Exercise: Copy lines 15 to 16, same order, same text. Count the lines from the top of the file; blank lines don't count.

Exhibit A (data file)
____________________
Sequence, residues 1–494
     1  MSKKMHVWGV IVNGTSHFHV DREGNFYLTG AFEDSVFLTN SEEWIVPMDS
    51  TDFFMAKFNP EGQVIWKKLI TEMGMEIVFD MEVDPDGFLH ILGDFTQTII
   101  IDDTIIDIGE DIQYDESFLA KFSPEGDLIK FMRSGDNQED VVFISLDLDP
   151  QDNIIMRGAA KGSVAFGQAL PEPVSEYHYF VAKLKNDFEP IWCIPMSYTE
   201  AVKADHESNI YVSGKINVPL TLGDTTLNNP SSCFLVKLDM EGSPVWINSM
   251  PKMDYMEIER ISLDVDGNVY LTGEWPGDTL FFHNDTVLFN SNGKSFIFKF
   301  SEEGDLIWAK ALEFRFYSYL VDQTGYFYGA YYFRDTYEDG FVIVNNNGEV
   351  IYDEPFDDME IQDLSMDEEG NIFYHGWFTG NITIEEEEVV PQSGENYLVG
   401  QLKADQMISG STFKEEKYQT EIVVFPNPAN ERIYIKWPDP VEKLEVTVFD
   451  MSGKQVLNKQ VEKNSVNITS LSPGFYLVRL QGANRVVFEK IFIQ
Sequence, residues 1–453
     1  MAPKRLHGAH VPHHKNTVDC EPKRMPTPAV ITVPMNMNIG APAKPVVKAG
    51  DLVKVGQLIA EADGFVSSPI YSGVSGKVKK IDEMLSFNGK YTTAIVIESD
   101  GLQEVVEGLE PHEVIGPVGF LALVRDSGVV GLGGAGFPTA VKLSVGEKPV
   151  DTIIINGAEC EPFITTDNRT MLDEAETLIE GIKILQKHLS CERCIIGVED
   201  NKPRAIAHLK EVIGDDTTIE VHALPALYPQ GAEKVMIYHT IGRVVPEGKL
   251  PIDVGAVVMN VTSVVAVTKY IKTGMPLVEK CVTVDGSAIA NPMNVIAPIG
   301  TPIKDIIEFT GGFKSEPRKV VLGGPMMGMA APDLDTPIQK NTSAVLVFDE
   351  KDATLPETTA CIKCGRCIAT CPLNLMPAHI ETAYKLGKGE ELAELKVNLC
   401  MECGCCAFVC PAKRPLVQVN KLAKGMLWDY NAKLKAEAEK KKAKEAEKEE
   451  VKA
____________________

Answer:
   101  GLQEVVEGLE PHEVIGPVGF LALVRDSGVV GLGGAGFPTA VKLSVGEKPV
   151  DTIIINGAEC EPFITTDNRT MLDEAETLIE GIKILQKHLS CERCIIGVED